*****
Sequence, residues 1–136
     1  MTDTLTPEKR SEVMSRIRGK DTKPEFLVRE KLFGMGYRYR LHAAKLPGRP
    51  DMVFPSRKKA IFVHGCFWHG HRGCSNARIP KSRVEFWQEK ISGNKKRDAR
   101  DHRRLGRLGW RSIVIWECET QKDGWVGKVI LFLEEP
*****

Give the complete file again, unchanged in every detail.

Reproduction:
Sequence, residues 1–136
     1  MTDTLTPEKR SEVMSRIRGK DTKPEFLVRE KLFGMGYRYR LHAAKLPGRP
    51  DMVFPSRKKA IFVHGCFWHG HRGCSNARIP KSRVEFWQEK ISGNKKRDAR
   101  DHRRLGRLGW RSIVIWECET QKDGWVGKVI LFLEEP